Chapter History

A Dream

In 2003, Ronald Omyonga, an architect living in Nairobi, Kenya, sent an email to Engineers Without Borders - USA, requesting assistance in providing clean water and latrines at the 56 primary schools located in Khwisero, Western Kenya, where he had grown up. Their initial responded that the project was too big and that they didn't work on projects of that size. Ronald continued to correspond with them, telling them that it was his dream to work at all 56 schools, but that they could start with just one or two. After several emails, he was able to convince them to accept the project, and they put it up online for any of their chapters to adopt.

A Humble Beginning

The Montana State University Chapter of Engineers Without Borders was formed in the Spring of 2004 by a small group of MSU students, most of whom were seniors and juniors in the chemical engineering department. We adopted the Khwisero, Kenya project as our first project. At that time, we decided that we would focus our work on two schools - Shirali (where Ronald had gone to school), and Munyanza (which is next to Ronald's mothers house, and did not exist when Ronald was a student). The estimated budget for the two schools was $50,000. We had no idea how we would raise that much money. At the time, we were a pretty typical student organization - no money, no support, and no skills, but a lot of talking about big goals. One faculty member that we approached about the idea of being our advisor, Otto Stein, declined the invitation, thinking to himself: "Nice kids and a great project, but it's never going to happen." We met in the SUB in the meeting rooms down the hall from the AskUs desk. Membership fluctuated between 2 and 12 dedicated members.

By the Fall of 2004, we had received one corporate donation for $1500, and had done one big fundraiser, called "Music Without Borders," which eventually cost more to put on than we raised in donations because we borrowed a cooler from McDonalds who later claimed we didn't return it and charged us $90 for it, wiping out all our profits. Many of the students who started the organization and had been it's first officers had graduated, and what was left was 7 or 8 die hard members who showed up to meetings on a fairly regular basis. For many of these members, EWB was one of several activities on campus they were involved in, and it was not always their first priority. Our faculty adviser did not attend the general meetings. We spent some of our remaining money on food at meetings in a fruitless attempt to convince more students to come.

That fall, we convinced the Chemical Engineering department at the University to pay for a van for us to travel to the EWB-USA international conference in Denver (EWB-USA didn't have regional conferences in the Fall yet). Five of the most active members went to the conference together, and we had one of the largest representations at the conference (the whole thing happened in a couple of rooms in the bottom floor of the H2MHill headquarters building, and there were less than 300 people there). Later that fall, we tried another fundraiser - a spaghetti feed at the senior citizens home - which made about $18 - or something ridiculous like that - after expenses. The student who was the Treasurer/Fundraiser at that point decided to give up being treasurer to focus completely on fundraising, and the job of Treasurer was given to a new student who had started attending meetings several weeks earlier - because no one else wanted the job. During this same period, the constitution was ratified and made official by the veteran officers of the group. It was the only formal document that we had, and was basically a list of 8 official positions and their job descriptions, along with a brief mention of $15 membership dues, which we made half-hearted attempts to collect.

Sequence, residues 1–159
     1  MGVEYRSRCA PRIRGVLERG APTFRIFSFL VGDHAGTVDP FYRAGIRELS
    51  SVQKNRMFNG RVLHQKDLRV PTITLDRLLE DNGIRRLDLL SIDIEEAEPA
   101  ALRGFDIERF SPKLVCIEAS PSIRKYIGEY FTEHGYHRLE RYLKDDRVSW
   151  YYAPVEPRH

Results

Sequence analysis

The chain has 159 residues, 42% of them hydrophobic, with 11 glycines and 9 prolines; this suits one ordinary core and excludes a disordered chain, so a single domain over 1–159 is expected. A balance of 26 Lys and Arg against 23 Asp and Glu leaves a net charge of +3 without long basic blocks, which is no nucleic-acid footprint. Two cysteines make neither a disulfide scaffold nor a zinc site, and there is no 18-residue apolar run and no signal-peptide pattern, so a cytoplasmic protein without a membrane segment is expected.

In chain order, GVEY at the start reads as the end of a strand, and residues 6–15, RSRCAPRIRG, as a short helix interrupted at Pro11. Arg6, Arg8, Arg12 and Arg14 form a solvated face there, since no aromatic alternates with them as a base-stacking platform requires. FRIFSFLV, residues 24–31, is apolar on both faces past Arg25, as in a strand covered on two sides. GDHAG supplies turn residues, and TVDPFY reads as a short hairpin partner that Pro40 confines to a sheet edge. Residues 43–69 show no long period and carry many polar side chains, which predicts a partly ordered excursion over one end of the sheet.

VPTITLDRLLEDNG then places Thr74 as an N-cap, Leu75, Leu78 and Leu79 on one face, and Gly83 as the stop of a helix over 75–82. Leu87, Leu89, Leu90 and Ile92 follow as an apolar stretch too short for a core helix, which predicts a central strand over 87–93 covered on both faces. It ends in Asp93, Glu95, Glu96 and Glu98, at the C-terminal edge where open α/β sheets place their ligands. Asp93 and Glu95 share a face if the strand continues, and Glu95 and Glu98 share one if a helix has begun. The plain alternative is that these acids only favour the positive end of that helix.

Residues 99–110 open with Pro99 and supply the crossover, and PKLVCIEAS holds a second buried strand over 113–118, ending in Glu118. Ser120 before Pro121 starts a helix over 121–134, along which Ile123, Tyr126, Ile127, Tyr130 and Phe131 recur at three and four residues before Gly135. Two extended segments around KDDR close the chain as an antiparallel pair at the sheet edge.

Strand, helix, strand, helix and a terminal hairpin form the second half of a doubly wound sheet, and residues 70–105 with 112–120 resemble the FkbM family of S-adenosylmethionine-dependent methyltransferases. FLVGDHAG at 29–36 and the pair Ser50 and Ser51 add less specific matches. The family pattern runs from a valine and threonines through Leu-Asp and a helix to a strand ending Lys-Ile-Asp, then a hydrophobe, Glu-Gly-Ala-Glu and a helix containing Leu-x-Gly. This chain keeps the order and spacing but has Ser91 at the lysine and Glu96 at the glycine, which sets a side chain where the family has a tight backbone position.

Site Assessment - December 2004

Just before the winter break, we learned that one of the members, an art student who later designed our first logo (the pipes and continents logo), was going to East Africa with her parents to work on another project. We decided at the last minute to pay for the plane ticket of our Secretary at the time, so that he could go with them and visit Khwisero for our site assessment. We spent basically everything we had left in our single bank account on reimbursement for his ticket. During their brief visit to Khwisero, Tucker Stevens and Heather Mullins met Ronald for the first time, talked with some important community members, and collected basic information about the pit latrines and the water situation at Shirali and Munyanza. They collected a considerable amount of information, and recorded everything they had learned in just a few pages of typed notes and a few dozen pictures, available on page name

A Bit of Good Luck

In Jan 05, we opened up a projects account at the bank. Our Fundraising chair tried very hard to raise more money to put in it that spring, but met with little success and eventually stopped coming to the meetings. In May, we got a call from the Gilhousen Family Foundation (thanks to the hard work of our now absent fundraising chair) offering to match up to $10,000 of what we could raise in the next 6 months. By then, most of the older members had graduated, moved on, or given up, and it was summer time, so we were down to 3 to 4 of us at each meeting, trying desperately to figure out how the hell we were going to raise $10,000 by October. We had almost nothing in our bank account.